Patrick Gill is excited to show me a small, fuzzy-looking picture of the Mona Lisa, printed in black and white on a piece of paper. It’s not much to look at, literally, but it’s unmistakably her, with long dark hair and that mysterious smile.

What Zuckerberg Sees in Oculus Rift

Wed, 03/26/2014 - 11:00

Facebook acquired Oculus Rift because it believes virtual reality could be the next big thing after mobile.

Facebook moved quickly to acquire Oculus VR—creator of the forthcoming Oculus Rift virtual reality headset—for approximately $2 billion. Discussions between the two companies opened less than two weeks ago, according to Oculus VR’s CEO Brendan Irebe. “We locked ourselves in the Facebook HQ and just got the deal done really fast,” Irebe told the Wall Street Journal. “We don’t want to disrupt the team and go through months of negotiations.”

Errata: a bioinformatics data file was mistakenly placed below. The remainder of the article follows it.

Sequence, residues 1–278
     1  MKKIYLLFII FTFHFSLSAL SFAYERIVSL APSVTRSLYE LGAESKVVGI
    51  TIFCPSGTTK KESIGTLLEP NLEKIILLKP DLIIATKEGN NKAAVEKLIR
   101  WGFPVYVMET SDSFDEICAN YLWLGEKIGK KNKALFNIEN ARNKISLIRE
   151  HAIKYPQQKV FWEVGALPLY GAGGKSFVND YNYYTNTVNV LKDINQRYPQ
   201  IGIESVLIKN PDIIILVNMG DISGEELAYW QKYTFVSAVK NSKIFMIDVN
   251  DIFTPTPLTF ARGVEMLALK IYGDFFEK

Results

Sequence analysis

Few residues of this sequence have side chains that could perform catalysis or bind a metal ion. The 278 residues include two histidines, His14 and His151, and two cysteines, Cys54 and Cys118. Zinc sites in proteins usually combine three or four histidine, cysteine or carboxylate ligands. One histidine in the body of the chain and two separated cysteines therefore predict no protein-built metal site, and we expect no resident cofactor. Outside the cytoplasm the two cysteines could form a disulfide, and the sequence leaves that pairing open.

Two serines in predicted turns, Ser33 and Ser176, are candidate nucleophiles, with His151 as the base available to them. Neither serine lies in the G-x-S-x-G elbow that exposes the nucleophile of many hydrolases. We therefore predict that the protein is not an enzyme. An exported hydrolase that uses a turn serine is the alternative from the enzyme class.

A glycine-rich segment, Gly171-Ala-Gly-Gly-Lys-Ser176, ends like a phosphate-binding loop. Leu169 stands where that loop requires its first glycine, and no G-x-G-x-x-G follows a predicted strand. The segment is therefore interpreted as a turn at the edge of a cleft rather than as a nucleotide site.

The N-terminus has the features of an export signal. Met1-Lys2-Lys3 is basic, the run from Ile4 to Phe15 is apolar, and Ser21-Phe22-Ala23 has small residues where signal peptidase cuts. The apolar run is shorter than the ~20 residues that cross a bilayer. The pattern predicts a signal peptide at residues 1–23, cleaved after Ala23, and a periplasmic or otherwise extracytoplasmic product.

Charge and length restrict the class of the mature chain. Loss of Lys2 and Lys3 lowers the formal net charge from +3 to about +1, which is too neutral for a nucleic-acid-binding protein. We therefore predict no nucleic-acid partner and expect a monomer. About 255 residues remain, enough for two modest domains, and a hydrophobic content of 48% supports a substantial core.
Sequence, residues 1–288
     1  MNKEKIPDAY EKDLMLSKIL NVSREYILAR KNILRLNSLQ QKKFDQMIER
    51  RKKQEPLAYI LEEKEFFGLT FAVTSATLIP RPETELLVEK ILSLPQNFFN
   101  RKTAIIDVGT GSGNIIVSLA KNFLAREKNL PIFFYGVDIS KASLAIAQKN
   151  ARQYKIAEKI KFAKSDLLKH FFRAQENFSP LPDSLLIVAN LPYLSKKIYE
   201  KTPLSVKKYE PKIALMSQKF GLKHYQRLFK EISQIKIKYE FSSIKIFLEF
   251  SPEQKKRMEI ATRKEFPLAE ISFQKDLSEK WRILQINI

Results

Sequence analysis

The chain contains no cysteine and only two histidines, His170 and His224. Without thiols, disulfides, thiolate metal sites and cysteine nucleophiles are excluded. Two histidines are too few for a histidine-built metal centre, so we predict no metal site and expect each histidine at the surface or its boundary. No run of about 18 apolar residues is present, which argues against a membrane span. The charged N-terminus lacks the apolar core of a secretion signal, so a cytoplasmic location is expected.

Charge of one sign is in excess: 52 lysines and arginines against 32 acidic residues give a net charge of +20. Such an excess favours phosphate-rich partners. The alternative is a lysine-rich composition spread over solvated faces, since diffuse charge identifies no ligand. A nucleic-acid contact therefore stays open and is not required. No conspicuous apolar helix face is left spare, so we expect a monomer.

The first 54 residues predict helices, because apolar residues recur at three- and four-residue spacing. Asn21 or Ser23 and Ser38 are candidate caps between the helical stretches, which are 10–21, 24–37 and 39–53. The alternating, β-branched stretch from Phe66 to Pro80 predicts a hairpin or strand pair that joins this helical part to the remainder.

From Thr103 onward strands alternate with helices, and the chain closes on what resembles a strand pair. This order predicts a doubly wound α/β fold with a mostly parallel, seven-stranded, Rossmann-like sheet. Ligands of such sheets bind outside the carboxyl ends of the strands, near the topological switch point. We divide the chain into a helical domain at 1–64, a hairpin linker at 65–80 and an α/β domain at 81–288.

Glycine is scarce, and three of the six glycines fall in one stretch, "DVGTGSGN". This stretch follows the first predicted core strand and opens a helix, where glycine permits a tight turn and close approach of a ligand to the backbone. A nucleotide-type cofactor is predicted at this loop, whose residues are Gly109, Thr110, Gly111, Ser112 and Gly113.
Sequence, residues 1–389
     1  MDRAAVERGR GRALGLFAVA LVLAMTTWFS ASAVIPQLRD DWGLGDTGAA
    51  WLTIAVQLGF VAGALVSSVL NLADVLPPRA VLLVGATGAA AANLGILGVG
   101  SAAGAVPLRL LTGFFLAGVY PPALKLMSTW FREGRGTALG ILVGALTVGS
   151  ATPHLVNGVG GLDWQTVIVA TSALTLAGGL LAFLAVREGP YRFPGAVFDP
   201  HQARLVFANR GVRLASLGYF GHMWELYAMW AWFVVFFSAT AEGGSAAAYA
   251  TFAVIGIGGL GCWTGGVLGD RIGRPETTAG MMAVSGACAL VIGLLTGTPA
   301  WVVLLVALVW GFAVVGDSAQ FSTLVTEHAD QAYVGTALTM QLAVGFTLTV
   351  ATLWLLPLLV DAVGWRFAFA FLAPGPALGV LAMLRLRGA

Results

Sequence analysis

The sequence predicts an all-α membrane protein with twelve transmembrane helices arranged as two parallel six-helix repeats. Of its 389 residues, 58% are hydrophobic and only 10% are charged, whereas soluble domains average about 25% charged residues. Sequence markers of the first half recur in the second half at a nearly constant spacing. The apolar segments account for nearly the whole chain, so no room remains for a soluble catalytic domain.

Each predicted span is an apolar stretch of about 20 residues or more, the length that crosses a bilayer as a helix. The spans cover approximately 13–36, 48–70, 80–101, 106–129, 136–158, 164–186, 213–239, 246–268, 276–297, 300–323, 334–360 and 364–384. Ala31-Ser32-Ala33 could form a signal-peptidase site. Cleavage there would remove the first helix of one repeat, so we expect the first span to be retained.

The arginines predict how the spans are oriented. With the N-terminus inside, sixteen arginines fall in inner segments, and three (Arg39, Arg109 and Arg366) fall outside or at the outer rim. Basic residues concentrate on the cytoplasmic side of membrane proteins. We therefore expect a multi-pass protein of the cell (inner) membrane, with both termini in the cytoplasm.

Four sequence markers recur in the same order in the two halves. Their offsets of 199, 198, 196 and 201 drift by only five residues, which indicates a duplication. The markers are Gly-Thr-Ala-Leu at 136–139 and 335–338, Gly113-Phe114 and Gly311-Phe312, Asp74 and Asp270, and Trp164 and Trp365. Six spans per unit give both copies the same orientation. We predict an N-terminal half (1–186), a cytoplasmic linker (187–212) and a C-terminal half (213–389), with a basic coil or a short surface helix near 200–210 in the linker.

Coming Soon: Android Apps for Wearable Devices

Wed, 03/26/2014 - 00:00

Developers and designers are now building apps for Google’s smart watch platform.

The designers of the forthcoming Moto 360 hope they’ve passed a fashion test. In contrast to the often bulky and boxy smart watches released to date (see “Smart Watches Need a Makeover, and a Shrink Ray”), their device is sleek and perfectly round, evoking the style of a classic analog wristwatch.

Academics Spy Weaknesses in Bitcoin’s Foundations

Mon, 03/24/2014 - 00:00

Game theory suggests the rules governing Bitcoin may need to be updated if the currency is to endure.